ing with manufacturers of solar components to integrate their discovery into existing solar cell technology and is excited about it’s potential. Fanchini is confident they can help manufacturers find the best possible trade‐off between efficiency and cost. Their challenge now is to make the technology cost‐effective and accessible to the most people. tablets, or laptops on the go? Not only would it be convenient, but the potential energy savings would be significant.” Giovanni Fanchini. ε q u i l i β r i u m V o l u m e 5 , I s s u e 1 P a g e 3 Bowles Telescope donated to P&A November 2014: The Estate of the late Dr. Jane Bowles of Western's Biology Department has donated her Meade 20cm. telescope to Cronyn Observatory. Machine Shop staffer Brian Dalrymple designed, crafted, and mounted a commemorative plaque onto the tube of the telescope. The telescope’s new home is the Hume Cronyn Memorial Observatory, where it will be used in our public programs, including Exploring the Stars. Visit by the Boys & Girls Club July 2014: Two groups of eager Boys and Girls Club members visited the Physics and Astronomy Department in July. They were given a presentation on liquid nitrogen (LN2) by volunteers Nathalie Thibert and Chris Rose. Then the groups strolled across campus for a tour and history of the Hume Cronyn Memorial Ob‐
servatory by volunteer Shannon Hicks. Soochow Collaboration Bright Emissaries Conference May 2014: August 2014: As part of an established collaboration between Western and Soochow University China, and in a continued effort to promote a dual‐degree (2+2) PhD program between Soochow and Western Universities, several faculty members from the Science, Engineering, and Medicine Faculties at Western visited Soochow University while attending a workshop on Synchrotron Radiation Research. The contingent from Physics and Astronomy included Drs. Lyudmila Goncharova and Giovanni Fanchini. Drs. Carol Jones and Aaron Sigut co‐chaired a 3‐day “Bright Emissaries Conference” at Western. Seventy astrophysicists from six of the world’s seven continents—a dream team of space scientists—gathered here to inves‐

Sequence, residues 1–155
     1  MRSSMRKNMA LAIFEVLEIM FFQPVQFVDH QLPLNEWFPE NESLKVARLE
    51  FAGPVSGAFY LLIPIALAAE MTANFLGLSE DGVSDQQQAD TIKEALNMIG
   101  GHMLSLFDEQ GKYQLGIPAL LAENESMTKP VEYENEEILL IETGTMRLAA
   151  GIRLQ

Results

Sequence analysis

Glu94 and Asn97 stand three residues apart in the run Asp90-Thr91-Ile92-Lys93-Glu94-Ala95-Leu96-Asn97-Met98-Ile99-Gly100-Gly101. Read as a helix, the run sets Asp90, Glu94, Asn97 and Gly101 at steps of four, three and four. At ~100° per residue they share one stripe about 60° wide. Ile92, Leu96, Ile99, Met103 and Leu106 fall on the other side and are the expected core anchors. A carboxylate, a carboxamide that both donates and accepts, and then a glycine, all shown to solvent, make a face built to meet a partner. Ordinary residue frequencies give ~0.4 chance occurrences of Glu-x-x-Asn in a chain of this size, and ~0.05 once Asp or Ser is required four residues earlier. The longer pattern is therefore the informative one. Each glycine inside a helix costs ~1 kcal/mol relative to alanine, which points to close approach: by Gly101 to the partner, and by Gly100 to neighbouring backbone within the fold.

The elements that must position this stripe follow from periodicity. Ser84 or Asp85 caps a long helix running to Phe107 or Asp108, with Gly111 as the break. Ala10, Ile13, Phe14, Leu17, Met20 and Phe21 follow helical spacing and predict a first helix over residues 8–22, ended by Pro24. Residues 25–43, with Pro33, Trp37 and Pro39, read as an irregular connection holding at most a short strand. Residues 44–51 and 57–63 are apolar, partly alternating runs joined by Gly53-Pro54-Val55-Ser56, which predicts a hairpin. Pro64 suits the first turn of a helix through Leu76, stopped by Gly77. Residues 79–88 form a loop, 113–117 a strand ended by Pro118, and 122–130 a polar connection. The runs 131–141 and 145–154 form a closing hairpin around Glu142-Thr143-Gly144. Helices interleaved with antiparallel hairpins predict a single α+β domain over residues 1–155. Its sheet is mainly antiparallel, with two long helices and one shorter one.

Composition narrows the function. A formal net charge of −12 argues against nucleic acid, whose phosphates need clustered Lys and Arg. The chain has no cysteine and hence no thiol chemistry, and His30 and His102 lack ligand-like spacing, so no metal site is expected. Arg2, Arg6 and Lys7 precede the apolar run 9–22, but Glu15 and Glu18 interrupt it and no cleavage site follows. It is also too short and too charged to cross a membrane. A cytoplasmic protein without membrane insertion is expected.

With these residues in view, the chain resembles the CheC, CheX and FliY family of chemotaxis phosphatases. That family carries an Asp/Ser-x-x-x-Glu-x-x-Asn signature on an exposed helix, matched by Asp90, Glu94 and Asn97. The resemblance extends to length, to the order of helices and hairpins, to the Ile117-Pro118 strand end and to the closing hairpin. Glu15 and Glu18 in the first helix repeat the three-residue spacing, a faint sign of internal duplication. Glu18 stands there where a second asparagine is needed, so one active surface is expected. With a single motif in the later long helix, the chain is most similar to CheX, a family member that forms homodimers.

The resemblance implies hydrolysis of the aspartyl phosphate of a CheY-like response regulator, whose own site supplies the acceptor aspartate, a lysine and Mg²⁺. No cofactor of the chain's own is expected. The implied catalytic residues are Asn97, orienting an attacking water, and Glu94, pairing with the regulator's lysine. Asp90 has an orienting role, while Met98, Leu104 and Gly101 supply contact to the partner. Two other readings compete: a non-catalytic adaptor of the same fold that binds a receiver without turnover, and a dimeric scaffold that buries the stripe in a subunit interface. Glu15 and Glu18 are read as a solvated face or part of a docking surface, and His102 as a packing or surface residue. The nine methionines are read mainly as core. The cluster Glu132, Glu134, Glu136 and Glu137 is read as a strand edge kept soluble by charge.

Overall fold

tigate ground‐breaking and innovative research currently underway around the world related to all observational and theoretical aspects of Be stars. Thirty‐four talks, six keynote presentations, and two poster sessions were delivered over the 3‐day period. “We are building a world-class physics department based on ‘the four Es’ of education:
Equity, Expansion, Excellence, and Employability.”
Shantanu Basu
Physics & Astronomy Chair
Summer Internships Real‐world experience is a crucial part of any education. We recognize the need for hands‐on research opportunities outside of class, and we’re proud to guarantee a paid internship to every undergrad registered in one of the core specialization programs in the Department. According to Department Chair Prof. Shantanu Basu, "Our students need to have hands‐on experiential learning in their chosen field, and de‐
velop soft skills of communication and networking. We understand this and we’re developing an array of competitive opportunities for our under‐